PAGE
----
My time in Saudi Arabia bolstered my conviction that an austere form of Islam (Wahhabism) married to a politicised Islam (Islamism) is wreaking havoc in the world. This anger-ridden ideology, an ideology I once advocated, is not only a threat to Islam and Muslims, but to the entire civilised world. I vowed, in my own limited way, to fight those who had hijacked my faith, defamed my prophet and killed thousands of my own people: the human race. I was encouraged when Tony Blair announced on August 5, 2005, plans to proscribe an array of Islamist organisations that operated in Britain, foremost among them Hizb.

At the time I was impressed by Blair's resolve. The Hizb should have been outlawed a decade ago and so spared many of us so much misery. Sadly the legislation was shelved last year amid fears that a ban would only add to the group's attraction, so it remains both legal and active today. But it is not too late.


British weather panic

Last summer we were told not to flush the loo, because of global warming. This summer we are told half of Yorkshire has been flushed down the pan - because of global warming. If the drought don't get you, it seems, the deluge will. As if the weather was not bad enough, we now have to endure a flood of intellectual silt about how overflowing rivers are retribution for rising man-made carbon levels.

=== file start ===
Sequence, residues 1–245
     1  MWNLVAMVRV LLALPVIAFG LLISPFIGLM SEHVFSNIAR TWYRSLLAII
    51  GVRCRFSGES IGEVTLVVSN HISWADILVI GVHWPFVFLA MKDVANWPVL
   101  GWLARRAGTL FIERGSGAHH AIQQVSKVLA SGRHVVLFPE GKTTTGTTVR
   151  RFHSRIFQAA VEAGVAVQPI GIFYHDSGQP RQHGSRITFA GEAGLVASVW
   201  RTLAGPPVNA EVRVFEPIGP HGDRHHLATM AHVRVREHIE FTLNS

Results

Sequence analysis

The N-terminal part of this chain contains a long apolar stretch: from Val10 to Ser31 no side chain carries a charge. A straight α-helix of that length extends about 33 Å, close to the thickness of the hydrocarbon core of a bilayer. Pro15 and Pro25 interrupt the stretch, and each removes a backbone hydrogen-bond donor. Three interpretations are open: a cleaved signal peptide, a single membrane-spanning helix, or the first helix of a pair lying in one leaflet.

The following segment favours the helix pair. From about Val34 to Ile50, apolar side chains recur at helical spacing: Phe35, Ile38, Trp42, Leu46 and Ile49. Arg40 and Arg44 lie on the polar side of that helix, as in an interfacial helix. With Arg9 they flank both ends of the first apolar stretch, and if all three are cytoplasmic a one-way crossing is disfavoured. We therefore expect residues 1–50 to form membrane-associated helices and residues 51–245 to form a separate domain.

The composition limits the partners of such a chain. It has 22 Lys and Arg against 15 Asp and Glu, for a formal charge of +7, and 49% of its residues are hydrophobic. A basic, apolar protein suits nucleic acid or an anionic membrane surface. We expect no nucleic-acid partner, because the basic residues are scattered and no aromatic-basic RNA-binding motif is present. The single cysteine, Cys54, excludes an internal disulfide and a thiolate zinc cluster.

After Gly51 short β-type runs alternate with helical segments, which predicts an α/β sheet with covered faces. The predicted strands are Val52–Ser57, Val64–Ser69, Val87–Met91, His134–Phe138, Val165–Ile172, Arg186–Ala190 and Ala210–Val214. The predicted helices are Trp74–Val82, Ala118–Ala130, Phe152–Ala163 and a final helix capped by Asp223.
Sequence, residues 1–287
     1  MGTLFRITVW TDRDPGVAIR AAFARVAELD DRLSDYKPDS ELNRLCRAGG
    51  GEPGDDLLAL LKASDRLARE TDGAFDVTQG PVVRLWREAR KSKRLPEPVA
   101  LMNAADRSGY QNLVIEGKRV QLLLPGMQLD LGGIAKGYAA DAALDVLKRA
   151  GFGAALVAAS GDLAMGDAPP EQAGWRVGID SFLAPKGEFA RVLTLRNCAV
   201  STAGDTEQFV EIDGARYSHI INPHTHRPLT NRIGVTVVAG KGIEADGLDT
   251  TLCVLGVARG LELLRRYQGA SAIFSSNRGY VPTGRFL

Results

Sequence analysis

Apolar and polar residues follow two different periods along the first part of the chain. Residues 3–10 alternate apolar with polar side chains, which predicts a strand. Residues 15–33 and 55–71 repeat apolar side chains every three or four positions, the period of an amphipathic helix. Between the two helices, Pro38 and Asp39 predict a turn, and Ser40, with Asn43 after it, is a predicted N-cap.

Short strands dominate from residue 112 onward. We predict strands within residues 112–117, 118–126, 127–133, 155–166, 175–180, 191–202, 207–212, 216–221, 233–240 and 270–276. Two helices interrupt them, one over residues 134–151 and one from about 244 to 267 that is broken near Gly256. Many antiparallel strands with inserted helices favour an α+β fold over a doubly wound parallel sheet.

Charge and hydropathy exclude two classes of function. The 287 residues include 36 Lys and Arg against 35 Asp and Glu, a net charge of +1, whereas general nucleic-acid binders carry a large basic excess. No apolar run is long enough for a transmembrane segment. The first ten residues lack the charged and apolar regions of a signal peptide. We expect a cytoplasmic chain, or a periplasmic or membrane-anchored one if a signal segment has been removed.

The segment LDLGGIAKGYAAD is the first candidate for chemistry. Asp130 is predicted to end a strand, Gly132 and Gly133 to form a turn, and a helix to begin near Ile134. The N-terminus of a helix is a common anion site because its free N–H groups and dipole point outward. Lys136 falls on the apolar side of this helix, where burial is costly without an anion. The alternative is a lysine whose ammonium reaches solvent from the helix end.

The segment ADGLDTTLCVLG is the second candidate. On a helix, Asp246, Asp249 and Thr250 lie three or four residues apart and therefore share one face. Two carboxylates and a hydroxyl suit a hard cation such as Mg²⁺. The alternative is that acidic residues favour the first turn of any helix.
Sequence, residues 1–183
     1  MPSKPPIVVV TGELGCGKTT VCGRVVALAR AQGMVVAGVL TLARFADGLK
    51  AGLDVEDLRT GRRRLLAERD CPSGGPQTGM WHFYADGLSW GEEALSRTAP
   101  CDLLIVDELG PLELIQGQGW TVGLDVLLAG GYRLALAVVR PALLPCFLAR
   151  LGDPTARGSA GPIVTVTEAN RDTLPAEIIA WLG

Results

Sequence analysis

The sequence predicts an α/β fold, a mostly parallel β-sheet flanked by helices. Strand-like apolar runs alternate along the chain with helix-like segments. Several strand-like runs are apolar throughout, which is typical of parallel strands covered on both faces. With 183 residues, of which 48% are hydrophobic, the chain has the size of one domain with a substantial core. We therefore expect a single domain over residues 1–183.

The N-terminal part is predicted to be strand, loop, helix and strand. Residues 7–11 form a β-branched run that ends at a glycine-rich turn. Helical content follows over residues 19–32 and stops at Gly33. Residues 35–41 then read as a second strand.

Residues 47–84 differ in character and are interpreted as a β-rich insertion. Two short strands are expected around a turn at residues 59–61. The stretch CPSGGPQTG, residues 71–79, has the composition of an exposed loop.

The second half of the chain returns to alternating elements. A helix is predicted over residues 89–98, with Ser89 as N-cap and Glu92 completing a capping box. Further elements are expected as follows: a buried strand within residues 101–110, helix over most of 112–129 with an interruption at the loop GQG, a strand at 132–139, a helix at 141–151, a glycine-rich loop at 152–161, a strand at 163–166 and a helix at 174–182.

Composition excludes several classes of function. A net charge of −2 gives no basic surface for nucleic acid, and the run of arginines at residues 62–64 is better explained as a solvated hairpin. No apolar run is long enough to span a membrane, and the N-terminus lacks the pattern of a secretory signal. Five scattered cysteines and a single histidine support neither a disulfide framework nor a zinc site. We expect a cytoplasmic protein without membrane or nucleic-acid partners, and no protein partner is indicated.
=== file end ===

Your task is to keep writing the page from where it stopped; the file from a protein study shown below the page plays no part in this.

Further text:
The notion that a flood is God's punishment for our sins went out with, well, the Ark. But it has been revived by born-again believers in high places. According to the Book of Genesis, after the great flood had cleansed the world of sinners, God assured Noah that "I will establish my covenant with you; neither shall all flesh be cut off any more by the waters of a flood; neither shall there any more be a flood to destroy the earth." , we have "a new God, with new priorities". So a former government adviser writing in The Guardian asserts that the latest floods are the fruits of global warming "long foretold", and concludes that: "Behind the gathering clouds the hand of God is busy."

Perhaps we should not be surprised to see the bible of the liberal intelligentsia spouting such religiosity on this issue. I recall that one leading Guardian writer welcomed the flooding in 2000 in the way that a zealot might a plague of frogs, as a painful lesson to unbelievers. She concluded: "The more floods, the merrier."

I predict that we will indeed have more floods in the future, just as we did in the past when nobody had heard of man-made global warming. As Weather Eye in The Times pointed out, yesterday was the 90th anniversary of the largest rainfall recorded in a June day. Back in 1917, however, many were less concerned about the weather than the shells raining down during the Great War and the wind of revolution blowing in from the East.